Thursday, February 13, 2020

'Why are you not Elon Musk?': The New Boss of an Oil-and-Gas Titan isn't Leaving Clean Energy to Tesla

One of the world's biggest oil-and-gas companies announced on Wednesday that it aims to reduce its total fossil-fuel emissions to net zero by 2050, and shift investment away from conventional fuel sources to renewable ones. Tesla CEO Elon Musk's name quickly came up.

"We are aiming to make absolute reductions to net zero of around 415 million tonnes of emissions — 55 million from our operations, 360 million from the carbon in our upstream production," Bernard Looney, who became CEO of 110-year-old British energy giant BP this month, said in a presentation.

"That is not far off the total emissions of the United Kingdom, the world's sixth largest economy and the second-biggest national economy so far, to set a net-zero aim," he continued.
Elon Musk

Bloomberg TV anchor Alix Steel asked Looney how BP could overhaul its business without investors losing out.

"You have returns for oil-and-gas investments that can be plus 25%," she said. "For renewable investing, you're looking at 8% to 10%. You need the cash flow from the oil and gas to fund the transition."

"Why is this not better left to Google, Amazon, and Tesla?" she asked. Players outside of oil and gas can do "all the cool new energy things" and "at least in Tesla's case, have the ability to think out of the box in a particular way," she continued. They aren't "moving a company around that's 110 years old," she added.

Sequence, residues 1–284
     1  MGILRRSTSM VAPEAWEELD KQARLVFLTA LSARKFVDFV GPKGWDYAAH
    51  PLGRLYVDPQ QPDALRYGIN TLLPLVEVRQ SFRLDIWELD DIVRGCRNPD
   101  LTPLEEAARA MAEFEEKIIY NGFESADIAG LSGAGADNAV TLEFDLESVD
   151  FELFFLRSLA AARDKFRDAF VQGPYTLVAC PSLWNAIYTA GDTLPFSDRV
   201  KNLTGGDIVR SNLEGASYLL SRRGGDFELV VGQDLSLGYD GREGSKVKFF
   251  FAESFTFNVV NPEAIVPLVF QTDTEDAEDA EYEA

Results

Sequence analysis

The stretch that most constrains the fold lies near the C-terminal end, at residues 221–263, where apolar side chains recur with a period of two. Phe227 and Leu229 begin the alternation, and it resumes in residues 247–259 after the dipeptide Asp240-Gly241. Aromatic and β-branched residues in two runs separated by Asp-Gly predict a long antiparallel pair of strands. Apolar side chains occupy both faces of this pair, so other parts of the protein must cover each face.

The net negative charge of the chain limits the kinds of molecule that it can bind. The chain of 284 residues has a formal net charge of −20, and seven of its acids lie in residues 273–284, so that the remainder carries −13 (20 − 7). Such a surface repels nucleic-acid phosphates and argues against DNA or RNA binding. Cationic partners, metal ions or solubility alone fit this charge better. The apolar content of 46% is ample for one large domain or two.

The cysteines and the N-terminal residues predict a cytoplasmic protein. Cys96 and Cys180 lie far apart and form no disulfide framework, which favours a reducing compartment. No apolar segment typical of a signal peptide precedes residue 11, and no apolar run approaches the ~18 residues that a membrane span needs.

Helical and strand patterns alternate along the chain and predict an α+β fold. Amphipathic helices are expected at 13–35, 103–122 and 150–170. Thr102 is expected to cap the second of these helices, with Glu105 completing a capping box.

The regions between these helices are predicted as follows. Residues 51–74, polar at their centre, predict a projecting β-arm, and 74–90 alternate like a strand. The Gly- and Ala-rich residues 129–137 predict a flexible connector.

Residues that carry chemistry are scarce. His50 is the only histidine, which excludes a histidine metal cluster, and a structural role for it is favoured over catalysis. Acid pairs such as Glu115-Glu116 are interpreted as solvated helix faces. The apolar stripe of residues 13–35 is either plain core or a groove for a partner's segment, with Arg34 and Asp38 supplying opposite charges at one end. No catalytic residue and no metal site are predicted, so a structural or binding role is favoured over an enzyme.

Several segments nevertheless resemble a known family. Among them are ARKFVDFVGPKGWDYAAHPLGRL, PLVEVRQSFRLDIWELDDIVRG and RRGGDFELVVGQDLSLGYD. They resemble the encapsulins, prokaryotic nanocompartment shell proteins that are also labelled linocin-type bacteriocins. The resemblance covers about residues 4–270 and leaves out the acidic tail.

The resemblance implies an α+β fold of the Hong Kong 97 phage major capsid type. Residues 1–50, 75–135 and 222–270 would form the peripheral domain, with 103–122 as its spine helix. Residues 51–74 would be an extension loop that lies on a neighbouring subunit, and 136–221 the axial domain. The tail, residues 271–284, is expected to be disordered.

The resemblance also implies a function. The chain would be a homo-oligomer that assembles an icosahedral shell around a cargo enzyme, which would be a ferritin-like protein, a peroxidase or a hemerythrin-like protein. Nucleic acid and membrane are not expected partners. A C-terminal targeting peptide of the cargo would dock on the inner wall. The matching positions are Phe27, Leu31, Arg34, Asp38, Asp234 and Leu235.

"Why are you not Elon Musk?" Steel asked.

"I struggle enough with who I am," Looney replied. He redirected the question to Nick Boyle, the CEO of Lightsource Renewable Energy, a solar-energy specialist that BP bought a 50% stake in two years ago.


"He is Elon Musk," Looney joked.

"Thank you, Bernard," Boyle said. "No pressure."

Oil-and-gas companies should lead the clean-energy revolution because they specialize in delivering large engineering projects in remote places, know energy markets inside out, and boast the trading capability and financial resources to drive through renewable-energy initiatives, Boyle said.

Fossil-fuel giants like BP have "powered the world for the last 100 years" and are "in a perfect position to power the world the next 100 years," he added.


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